A short sleep during the day can significantly increase reaction times and decision making
Photo Danny Bird
‘I can’t translate Sudoku directly into bike racing, but I know it works the same area of the brain you use when making rapid decisions during a sprint,’ Mark Cavendish once told this very magazine.
But now a recent study published in the Journal of Sports Science & Medicine might have found a less puzzling way to sharpen up reaction times.
The study took elite-level soccer players and subjected them to two tests, the ‘Trail Making Test’, where participants drew a line between 24 randomly arranged circles in either consecutive numerical order or a mixture of number and letter order, and a ‘Modified Loughborough Soccer Passing Test’, where participants made a series of passes while examiners monitored how frequently they completed a ‘scanning activity’ (looking around to make assessments).
A cross-over design experiment then examined nap and no-nap opportunities, with ‘nap opportunities’ meaning a 40-minute spell at midday.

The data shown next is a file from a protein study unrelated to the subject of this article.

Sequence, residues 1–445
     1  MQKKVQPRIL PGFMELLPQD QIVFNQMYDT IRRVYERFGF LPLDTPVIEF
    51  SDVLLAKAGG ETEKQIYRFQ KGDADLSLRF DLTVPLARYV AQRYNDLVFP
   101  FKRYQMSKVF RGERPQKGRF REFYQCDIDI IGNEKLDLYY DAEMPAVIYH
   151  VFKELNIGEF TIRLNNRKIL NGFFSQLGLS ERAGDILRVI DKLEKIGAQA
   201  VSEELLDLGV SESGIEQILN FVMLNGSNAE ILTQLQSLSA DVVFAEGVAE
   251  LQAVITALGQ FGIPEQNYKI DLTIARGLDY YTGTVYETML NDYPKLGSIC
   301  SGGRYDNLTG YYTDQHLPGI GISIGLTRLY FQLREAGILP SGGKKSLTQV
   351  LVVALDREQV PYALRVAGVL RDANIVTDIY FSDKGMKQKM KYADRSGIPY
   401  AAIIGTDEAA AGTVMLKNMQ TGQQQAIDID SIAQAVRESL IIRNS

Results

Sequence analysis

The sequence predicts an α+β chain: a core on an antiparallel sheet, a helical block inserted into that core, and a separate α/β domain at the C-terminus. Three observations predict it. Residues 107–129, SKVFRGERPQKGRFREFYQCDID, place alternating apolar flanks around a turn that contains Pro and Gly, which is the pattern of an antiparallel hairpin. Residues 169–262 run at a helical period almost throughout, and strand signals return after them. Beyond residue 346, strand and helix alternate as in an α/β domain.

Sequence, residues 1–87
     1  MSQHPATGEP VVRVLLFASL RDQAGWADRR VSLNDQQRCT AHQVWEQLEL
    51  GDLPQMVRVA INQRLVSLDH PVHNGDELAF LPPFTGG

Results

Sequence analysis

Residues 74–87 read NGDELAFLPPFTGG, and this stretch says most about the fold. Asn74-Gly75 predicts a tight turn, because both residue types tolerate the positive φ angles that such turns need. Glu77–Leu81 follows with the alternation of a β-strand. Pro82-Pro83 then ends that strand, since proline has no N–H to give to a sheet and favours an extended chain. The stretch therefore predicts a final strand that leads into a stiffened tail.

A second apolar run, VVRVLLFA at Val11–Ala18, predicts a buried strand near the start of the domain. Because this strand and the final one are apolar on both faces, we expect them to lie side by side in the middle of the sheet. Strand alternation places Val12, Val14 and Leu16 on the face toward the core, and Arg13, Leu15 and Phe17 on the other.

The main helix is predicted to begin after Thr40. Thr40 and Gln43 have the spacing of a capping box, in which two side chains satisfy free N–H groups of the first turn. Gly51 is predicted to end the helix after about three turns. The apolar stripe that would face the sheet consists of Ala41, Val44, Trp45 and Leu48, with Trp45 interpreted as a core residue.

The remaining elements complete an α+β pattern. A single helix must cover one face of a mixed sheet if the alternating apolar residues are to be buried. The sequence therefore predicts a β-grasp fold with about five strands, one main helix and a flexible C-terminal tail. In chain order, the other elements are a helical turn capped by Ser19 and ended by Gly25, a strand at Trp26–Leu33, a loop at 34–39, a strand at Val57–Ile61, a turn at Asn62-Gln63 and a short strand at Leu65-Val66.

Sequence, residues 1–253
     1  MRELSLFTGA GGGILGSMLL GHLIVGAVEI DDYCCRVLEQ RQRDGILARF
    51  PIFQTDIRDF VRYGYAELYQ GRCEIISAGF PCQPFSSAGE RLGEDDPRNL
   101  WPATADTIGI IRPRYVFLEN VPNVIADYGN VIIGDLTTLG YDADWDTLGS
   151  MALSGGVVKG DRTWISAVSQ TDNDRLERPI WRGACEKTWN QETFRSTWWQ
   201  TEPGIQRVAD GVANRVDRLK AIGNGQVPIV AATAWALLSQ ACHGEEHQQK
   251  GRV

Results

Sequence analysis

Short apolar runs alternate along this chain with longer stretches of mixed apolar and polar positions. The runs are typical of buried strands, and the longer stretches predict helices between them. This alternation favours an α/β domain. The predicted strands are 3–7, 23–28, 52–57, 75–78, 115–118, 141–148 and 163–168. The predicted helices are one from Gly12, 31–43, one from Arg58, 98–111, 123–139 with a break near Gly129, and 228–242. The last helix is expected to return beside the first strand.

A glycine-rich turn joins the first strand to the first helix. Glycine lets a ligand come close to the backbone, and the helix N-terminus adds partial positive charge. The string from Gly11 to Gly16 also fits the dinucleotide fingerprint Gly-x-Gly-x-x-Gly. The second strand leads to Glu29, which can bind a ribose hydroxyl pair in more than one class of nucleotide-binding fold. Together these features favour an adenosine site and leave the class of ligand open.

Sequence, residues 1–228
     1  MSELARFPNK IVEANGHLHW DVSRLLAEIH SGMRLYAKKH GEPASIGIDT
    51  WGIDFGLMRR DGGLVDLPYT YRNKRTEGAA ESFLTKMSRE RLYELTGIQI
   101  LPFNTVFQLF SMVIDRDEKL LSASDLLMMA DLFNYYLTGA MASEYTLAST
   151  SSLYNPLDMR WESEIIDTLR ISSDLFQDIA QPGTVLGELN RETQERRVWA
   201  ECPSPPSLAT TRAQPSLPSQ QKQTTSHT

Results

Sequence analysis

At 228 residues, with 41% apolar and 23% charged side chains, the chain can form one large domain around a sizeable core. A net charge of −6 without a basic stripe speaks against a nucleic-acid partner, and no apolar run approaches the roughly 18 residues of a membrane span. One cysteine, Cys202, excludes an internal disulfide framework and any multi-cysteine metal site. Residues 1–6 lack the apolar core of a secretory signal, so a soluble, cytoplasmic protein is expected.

Tests were carried out at 3:20pm and 3:30pm respectively.
Subjective sleepiness was also assessed, and while there was no significant difference between perceived sleepiness or TMT scores, the nap group completed the passing test some 4.2 seconds faster (completion time around 20 seconds) and performed 4.6 more scanning activities per test (around 13 times).
This led researchers to conclude, ‘Daytime napping is likely to benefit soccer related cognitive function, represented by visuospatial processing and decision-making.’
Of course, soccer isn’t cycling, but when riders such as Cav are called to make split-second decisions at 70kmh surrounded by other riders, getting in a pre-race nap might just prove an effective tool.